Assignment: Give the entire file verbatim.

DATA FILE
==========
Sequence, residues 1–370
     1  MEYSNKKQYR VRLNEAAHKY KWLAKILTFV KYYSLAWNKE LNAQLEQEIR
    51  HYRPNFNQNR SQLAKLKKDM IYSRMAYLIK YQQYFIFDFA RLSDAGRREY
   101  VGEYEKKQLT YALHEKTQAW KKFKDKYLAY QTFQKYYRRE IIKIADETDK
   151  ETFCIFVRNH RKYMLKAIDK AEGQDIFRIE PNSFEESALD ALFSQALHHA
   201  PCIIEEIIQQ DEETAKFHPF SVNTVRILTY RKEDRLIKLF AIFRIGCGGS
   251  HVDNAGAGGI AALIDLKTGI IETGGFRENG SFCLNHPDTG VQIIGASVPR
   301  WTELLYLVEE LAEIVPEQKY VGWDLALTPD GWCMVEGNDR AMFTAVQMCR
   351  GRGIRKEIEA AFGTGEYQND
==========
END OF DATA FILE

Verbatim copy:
Sequence, residues 1–370
     1  MEYSNKKQYR VRLNEAAHKY KWLAKILTFV KYYSLAWNKE LNAQLEQEIR
    51  HYRPNFNQNR SQLAKLKKDM IYSRMAYLIK YQQYFIFDFA RLSDAGRREY
   101  VGEYEKKQLT YALHEKTQAW KKFKDKYLAY QTFQKYYRRE IIKIADETDK
   151  ETFCIFVRNH RKYMLKAIDK AEGQDIFRIE PNSFEESALD ALFSQALHHA
   201  PCIIEEIIQQ DEETAKFHPF SVNTVRILTY RKEDRLIKLF AIFRIGCGGS
   251  HVDNAGAGGI AALIDLKTGI IETGGFRENG SFCLNHPDTG VQIIGASVPR
   301  WTELLYLVEE LAEIVPEQKY VGWDLALTPD GWCMVEGNDR AMFTAVQMCR
   351  GRGIRKEIEA AFGTGEYQND